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From Thelma Austin Rice

Rice, Thelma Austin (Dexter Avenue Baptist Church (Montgomery, Ala.))
March 18, 1956
Montgomery, Ala.
Martin Luther King, Jr. - Career in Ministry
Montgomery Bus Boycott


As King awaited trial, expressions of support came not only from around the country but from within his own congregation. As part of his reorganization of Dexter during his first months as pastor, King had asked parishioners to join one of twelve fundraising clubs according to their month of birth. Rice, president of the January Club, expresses concern for King and encloses a collection of poems and biblical quotations that members selected for him, entitled “Comforting Sense of Direction—Tidbits for Our Pastor and Club Member.” 1

TO: The Reverend M. L. King, Jr.
FROM: The January Club
ON: The Eve of the March 19th Trials

It comes a time in the life of each individual when he or she faces trying moments. At such times, it often happens that solace as well as sense of direction come through a spoken or unspoken word.

Realizing these circumstances, we, the members of the January Club share with you our favorite sources of comfort, hope and sense of direction, whether or not these sources are poems, quotes from the Bible, a printed prayer or words out of the creations of our own thinking. Whatever the case, these that we share have sustained and offered us a sense of direction, and we share them with you that you may find in them a spark to comfort and sustain you as you face a trial situation made by man and all that such an experience could mean.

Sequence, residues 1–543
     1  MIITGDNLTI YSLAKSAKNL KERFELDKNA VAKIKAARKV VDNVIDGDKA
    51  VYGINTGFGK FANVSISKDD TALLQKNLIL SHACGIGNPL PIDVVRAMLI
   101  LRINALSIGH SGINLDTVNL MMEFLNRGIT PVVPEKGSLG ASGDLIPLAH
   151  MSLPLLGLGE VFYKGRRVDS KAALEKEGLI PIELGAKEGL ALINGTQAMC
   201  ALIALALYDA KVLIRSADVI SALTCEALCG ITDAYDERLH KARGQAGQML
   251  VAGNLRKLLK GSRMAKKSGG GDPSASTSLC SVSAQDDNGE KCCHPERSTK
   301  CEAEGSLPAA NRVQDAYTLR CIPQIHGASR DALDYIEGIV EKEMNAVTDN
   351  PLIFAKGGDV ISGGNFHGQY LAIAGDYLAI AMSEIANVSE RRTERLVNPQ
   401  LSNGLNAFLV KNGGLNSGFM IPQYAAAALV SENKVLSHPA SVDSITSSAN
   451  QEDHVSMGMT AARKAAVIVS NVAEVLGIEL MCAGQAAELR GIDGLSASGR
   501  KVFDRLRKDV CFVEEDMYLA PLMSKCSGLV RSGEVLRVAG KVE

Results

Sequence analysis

We are joined in this bond of expression of our concern for you.

Very sincerely yours,
Thelma Austin Rice, President

Enclosures: In alphabetical order of the members.

1. Thelma Austin Rice (1917- ) was born in Montgomery and earned her B.S. (1937) and M.Ed. (1946) from Alabama State College. Rice taught in Mobile public schools from 1937 to 1945 and then, from 1945 to 1952, at the Mobile campus of Alabama State. In 1945 she organized the Metropolitan Council of the National Council of Negro Women, serving as its president until 1952. She returned to Montgomery in 1954 to head Alabama State’s math department, where she remained until 1962. She was also an active member of the Women’s Political Council, the NAACP, the Business and Professional Women’s Club of Montgomery, and the Mobile Non-Partisan Voters League.


MLKP-MBU, Martin Luther King, Jr., Papers, 1954-1968, Howard Gotlieb Archival Research Center, Boston University, Boston, Mass.